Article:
The technology world loves its buzzwords, no doubt. If you dig through the hype and hit upon the substance that lies beneath, however, you might be onto career-building gold.
Take DevOps, for instance: It's been among the buzzier terms in and around IT lately. But if you go deeper than the surface, and take note of some of the skills and technologies that DevOps environments increasingly need and make use of, your list will begin to look a lot like the lists that hiring managers and recruiters put together when seeking new talent.
Consider the configuring and provisioning automation tool Puppet, for example, or project management and issue tracking application JIRA. Neither one of these is a "DevOps tool," per se, but they are both increasingly found in DevOps environments, or ones that simply run on Agile development or comparable "continuous delivery" methodologies.
Tech job site Dice gave InformationWeek a rundown of the IT job skills that have seen the greatest increases in the number of open positions listed on its site from January 2014 to January 2015. These are drawn from any category with at least 1,000 positions listed. JIRA has seen a 69% jump in the number of listings in that time period, while Puppet saw a 67% increase, making them two of the site's top three fastest-growing tech skills areas.
In other cases, as with security -- the No. 1 fastest-growing tech skills area, according to Dice -- the hype itself may be a key indicator of job market and hiring trends. The security field continues to dominate headlines. The Anthem breach is just the latest in a long string of high-profile security incidents. So, it should surprise exactly no one that security skills will be in very high demand in 2015 and beyond.
Dice makes a distinction between two closely related security terms. It defines "cyber-security" as focusing on defending assets, such as networks and endpoints, from threats like denial-of-service attacks or malware, and "information security" as focusing on protecting data and privacy. In either case, hiring demand is way, way up: Cyber-security is the No. 1 fastest-growing skill area on Dice, up 91% in listings from January 2014 to January 2015. Demand for Information security skills increased 48% during the same period.
"Skill [and] technology popularity is very reflective of current events," said Dice president Shravan Goli in an interview with InformationWeek. "The multitude of security breaches that we have seen in the past few years has caused companies to want to be extra-cautious. That is, in part, why professionals with security skills, such as cyber-security or information security, are in such high demand."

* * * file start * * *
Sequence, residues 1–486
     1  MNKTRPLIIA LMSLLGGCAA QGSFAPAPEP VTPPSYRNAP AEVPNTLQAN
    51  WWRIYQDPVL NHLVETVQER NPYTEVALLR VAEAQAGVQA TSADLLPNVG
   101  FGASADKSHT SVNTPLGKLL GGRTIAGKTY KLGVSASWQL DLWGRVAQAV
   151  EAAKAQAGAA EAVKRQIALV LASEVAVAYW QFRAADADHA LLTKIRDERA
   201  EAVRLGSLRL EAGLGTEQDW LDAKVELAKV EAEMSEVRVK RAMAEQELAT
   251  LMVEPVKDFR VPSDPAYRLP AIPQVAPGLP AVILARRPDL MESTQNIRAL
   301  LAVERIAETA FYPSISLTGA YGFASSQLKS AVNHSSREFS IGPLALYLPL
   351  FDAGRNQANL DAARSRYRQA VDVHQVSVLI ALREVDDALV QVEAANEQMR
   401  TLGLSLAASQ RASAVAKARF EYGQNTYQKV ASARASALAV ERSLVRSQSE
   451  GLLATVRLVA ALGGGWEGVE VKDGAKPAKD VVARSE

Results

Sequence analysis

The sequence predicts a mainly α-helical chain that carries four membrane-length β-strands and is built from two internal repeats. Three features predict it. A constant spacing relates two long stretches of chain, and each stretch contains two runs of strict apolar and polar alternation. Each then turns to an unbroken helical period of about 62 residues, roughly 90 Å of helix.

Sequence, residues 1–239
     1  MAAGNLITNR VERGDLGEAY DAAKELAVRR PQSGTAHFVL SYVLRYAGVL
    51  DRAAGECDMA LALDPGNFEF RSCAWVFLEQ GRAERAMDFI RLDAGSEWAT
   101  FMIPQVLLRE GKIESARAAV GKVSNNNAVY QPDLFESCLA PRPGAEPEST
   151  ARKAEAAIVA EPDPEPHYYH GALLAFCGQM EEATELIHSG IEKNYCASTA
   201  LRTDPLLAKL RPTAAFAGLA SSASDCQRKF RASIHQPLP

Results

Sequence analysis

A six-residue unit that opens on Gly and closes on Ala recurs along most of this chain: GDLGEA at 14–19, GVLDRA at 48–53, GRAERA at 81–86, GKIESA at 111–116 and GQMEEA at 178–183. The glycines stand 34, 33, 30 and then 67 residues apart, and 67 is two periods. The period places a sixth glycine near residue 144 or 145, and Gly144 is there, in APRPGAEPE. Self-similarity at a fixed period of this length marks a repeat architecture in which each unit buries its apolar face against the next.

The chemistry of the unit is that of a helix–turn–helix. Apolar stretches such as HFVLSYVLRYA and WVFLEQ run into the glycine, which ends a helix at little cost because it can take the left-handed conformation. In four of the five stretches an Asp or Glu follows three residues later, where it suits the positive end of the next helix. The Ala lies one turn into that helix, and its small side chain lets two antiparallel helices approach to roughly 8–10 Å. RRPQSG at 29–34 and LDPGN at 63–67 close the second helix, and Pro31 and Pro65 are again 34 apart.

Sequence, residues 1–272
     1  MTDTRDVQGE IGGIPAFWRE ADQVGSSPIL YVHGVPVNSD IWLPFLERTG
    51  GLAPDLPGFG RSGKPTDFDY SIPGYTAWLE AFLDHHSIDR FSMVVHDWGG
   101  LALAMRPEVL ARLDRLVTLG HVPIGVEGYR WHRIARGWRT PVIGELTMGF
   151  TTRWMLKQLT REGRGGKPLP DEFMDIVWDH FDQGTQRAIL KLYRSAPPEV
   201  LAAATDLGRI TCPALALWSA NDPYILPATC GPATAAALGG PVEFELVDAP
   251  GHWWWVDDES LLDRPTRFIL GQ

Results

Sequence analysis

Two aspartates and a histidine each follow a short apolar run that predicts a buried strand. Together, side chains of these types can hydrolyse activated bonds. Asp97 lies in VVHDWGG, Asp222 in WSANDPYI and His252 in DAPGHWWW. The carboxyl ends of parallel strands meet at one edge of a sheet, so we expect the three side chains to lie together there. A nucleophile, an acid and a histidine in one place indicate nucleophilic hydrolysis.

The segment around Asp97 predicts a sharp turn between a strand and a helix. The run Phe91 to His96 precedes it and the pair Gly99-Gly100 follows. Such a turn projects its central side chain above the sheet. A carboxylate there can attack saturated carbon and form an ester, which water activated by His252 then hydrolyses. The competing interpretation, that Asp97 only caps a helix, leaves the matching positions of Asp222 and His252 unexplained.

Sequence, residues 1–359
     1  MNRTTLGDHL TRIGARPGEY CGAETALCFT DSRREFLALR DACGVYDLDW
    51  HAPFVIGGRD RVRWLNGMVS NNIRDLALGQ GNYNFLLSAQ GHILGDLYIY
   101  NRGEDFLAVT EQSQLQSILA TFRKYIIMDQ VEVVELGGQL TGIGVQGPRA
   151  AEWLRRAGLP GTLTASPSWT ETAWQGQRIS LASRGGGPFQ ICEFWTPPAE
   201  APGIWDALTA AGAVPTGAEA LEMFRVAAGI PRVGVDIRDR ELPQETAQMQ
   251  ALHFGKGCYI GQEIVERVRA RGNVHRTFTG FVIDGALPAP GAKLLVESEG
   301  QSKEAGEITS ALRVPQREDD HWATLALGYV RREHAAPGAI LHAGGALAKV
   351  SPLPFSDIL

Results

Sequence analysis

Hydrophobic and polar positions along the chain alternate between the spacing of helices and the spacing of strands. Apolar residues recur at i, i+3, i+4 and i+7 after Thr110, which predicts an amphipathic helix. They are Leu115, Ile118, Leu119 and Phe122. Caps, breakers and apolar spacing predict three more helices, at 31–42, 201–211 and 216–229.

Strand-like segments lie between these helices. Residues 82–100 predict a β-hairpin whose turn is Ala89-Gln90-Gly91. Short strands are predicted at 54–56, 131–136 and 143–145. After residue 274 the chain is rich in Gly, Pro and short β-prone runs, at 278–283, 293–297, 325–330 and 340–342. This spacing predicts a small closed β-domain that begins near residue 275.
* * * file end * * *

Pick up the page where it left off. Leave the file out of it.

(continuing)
Security is one of the hottest fields for IT recruiters this year. "Security is a huge issue. Mobile and cloud computing is everywhere," said Laura McGarrity, VP of digital marketing and recruiting firm Mondo, in an interview with InformationWeek. McGarrity lists "security architect" and "security engineer" among her most sought-after titles this year. "Users are now connected on multiple devices, with multiple endpoints, making it tough to manage security risks.
If you want to ensure your skills stay sharp, it certainly pays to keep tabs on emerging and, dare we say, trendy technologies, as well as on the technology news headlines. That doesn't mean every marketable IT skill is a buzzword. In fact, far from it. Java developers are still highly employable. (The language remains ubiquitous in enterprise IT.) Ditto for those with Web development and open source skills. Yet, it can be extra beneficial -- and potentially lucrative -- to round out these "old" skill areas with newer technologies.
Tom Renda, VP for the New England region at recruiting firm Eliassen Group, told us that developers who've added Hadoop experience to their resumes aren't hurting for job prospects these days. "Open source developers, Java developers, and Web developers are all in high demand. When they have Hadoop experience as well, they are highly sought after in the big data and analytics space."
Read on for 15 of the hottest skills and technologies that IT employers want in the next 12 months (and beyond). We tried to be as specific as possible. For example, while "software developer" tops just about everyone's list of in-demand IT skills, it's a bit broad. On the following pages, you'll see above each image the specific technologies, skills, or sample job titles, with details on the broader job category appearing below the image. Got your own predictions, or on-the-ground experiences? Share them with us in the comments section below.